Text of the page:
A new report shows that South King County students who go to community colleges are far more likely to finish their degrees if they enroll full time.

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In one of the first comprehensive looks at community-college-graduation rates for students from South King County, one fact stood out: Full-time students graduated at a much higher rate than part-time ones.

That’s perhaps not surprising, but the importance of attending full time was a revelation for Mary Jean Ryan, who directs the group that wrote the study, Community Center for Education Results (CCER).

“If a student could simply go to community college full time, the rates of completion are staggeringly higher,” Ryan said.

And Ryan has hit on a novel proposal: Encourage businesses to help by giving students more predictable schedules, so they can more easily structure their jobs around their classes.

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“A lot of employers are asking how they can help the young people of our region,” she said.

The study focuses on seven community and technical colleges — Bellevue, Green River and Highline colleges, Renton Technical College and the three campuses of the Seattle Colleges system (North, Central and South Seattle). Those colleges were chosen because 51 percent of college-going graduates in South King County’s class of 2011 enrolled in those schools.

Most college-completion reports don’t take such a detailed look at students from a specific region and examine how they fare after they get to college. And part-time students often are not counted, Ryan said.

Because CCER is focused on doubling the number of students in its region who are on track to graduate from college or earn a career credential, it wanted a deeper look.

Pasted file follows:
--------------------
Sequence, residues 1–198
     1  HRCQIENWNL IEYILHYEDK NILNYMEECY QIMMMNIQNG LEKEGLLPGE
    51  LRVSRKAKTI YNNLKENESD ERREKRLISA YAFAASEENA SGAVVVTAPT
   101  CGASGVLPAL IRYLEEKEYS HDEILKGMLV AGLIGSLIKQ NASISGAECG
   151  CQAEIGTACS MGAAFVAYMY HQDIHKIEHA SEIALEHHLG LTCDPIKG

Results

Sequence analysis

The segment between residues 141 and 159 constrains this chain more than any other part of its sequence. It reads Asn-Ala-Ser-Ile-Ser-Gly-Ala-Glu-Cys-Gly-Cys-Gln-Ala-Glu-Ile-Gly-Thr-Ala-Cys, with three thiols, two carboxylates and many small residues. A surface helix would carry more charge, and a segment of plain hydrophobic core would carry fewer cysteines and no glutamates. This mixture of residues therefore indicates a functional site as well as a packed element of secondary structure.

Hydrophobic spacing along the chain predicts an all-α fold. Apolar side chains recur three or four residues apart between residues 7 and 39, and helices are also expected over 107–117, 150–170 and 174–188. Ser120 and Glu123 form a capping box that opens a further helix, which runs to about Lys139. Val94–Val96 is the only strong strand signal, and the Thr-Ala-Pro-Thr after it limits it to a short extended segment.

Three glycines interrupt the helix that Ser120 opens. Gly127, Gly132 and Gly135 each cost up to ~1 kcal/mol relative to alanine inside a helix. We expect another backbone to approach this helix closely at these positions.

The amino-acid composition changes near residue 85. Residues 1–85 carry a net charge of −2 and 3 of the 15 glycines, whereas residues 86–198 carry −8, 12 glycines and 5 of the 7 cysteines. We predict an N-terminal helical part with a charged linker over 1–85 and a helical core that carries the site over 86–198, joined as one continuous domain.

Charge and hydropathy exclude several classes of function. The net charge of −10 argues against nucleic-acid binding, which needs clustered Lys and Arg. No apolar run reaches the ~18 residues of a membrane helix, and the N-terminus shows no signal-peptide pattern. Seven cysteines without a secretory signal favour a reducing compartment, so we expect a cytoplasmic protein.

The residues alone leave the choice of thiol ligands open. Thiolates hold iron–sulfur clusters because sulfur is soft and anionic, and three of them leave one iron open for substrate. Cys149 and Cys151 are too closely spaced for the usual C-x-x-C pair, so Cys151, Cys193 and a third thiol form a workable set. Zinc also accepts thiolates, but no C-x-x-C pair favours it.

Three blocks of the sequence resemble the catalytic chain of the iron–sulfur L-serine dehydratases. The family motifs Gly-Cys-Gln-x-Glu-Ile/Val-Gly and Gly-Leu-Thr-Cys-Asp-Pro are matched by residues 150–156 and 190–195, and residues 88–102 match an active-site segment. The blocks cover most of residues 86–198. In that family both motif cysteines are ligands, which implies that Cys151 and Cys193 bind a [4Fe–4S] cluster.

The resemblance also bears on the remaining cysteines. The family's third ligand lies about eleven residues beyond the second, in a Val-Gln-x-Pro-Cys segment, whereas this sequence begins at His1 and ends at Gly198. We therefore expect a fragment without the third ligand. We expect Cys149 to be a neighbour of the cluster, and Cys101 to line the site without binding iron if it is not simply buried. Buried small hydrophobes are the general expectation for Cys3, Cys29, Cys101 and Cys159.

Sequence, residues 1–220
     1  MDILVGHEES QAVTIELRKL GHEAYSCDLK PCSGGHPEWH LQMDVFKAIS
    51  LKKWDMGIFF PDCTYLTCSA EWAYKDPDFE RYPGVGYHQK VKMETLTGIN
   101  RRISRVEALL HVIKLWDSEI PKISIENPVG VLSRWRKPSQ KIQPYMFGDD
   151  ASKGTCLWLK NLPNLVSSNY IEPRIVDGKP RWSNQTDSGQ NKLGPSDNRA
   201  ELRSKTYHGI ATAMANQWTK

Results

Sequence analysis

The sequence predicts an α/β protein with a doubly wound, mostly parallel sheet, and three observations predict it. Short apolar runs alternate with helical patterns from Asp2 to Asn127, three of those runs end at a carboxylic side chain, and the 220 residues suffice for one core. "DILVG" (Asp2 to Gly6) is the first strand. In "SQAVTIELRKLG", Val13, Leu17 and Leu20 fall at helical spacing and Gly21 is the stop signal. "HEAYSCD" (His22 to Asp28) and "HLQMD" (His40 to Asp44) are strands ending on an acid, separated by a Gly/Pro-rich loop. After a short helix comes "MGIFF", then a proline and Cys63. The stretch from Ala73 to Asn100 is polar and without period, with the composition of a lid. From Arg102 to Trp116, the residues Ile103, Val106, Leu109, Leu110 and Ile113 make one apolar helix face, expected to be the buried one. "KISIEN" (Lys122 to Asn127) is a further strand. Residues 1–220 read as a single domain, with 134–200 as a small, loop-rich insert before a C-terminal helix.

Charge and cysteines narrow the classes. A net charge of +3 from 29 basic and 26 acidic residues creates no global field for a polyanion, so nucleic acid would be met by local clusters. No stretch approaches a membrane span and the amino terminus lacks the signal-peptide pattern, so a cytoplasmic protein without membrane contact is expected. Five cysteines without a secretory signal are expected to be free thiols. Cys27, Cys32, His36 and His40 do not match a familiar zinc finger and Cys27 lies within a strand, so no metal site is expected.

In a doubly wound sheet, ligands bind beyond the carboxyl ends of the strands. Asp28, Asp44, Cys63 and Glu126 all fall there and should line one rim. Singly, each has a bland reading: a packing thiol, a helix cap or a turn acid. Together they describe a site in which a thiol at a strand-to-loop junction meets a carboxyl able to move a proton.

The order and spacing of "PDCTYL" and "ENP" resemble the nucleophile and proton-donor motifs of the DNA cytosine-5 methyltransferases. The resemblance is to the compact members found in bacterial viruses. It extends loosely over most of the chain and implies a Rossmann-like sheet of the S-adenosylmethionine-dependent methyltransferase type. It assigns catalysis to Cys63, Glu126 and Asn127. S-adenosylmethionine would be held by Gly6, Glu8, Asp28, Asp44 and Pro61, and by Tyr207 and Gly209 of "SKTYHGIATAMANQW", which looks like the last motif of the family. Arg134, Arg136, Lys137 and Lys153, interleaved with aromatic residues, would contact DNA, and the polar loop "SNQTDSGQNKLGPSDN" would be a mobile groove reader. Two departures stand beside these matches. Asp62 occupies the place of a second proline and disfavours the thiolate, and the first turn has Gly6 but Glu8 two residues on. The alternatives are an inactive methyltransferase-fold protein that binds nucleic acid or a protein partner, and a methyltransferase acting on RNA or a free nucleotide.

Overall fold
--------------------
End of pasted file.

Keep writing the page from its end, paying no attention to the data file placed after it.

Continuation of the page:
Researchers found that more than half the South King County students who went to community college full time had, within three years, completed a degree or certificate, or transferred to a four-year college.

For the students who attended part time? Only a quarter had achieved those goals — and more than a third of them had dropped out altogether. (It’s possible that some moved out of the area and transferred to a different college, but that data could not be tracked.)

The report also shows that taking rigorous classes before college makes a big difference, too. More than half the students who took Running Start — community-college courses open to high-school students — had completed a degree or certificate, or transferred, in five years. Only 28 percent of students who did not take Running Start had completed a credential or transferred in three years.

CCER, a nonprofit, is assisting a regionwide effort called the Road Map Project to improve education in South King County schools, schools with some of the highest poverty rates and most diverse enrollments. Its work includes extensive data collection and analysis to figure out how to better help those students.